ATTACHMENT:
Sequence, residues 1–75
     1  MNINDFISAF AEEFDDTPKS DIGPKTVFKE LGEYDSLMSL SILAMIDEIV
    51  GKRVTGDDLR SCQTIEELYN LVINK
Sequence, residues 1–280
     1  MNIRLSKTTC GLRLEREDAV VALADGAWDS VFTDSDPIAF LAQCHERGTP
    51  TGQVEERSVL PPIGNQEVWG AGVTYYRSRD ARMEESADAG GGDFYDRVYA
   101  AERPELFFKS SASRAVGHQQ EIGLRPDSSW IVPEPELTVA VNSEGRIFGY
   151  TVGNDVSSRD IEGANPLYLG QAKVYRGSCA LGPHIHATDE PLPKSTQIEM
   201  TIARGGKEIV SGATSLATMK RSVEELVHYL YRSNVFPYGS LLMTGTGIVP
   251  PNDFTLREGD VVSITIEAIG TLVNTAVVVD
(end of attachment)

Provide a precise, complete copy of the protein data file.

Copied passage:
Sequence, residues 1–75
     1  MNINDFISAF AEEFDDTPKS DIGPKTVFKE LGEYDSLMSL SILAMIDEIV
    51  GKRVTGDDLR SCQTIEELYN LVINK
Sequence, residues 1–280
     1  MNIRLSKTTC GLRLEREDAV VALADGAWDS VFTDSDPIAF LAQCHERGTP
    51  TGQVEERSVL PPIGNQEVWG AGVTYYRSRD ARMEESADAG GGDFYDRVYA
   101  AERPELFFKS SASRAVGHQQ EIGLRPDSSW IVPEPELTVA VNSEGRIFGY
   151  TVGNDVSSRD IEGANPLYLG QAKVYRGSCA LGPHIHATDE PLPKSTQIEM
   201  TIARGGKEIV SGATSLATMK RSVEELVHYL YRSNVFPYGS LLMTGTGIVP
   251  PNDFTLREGD VVSITIEAIG TLVNTAVVVD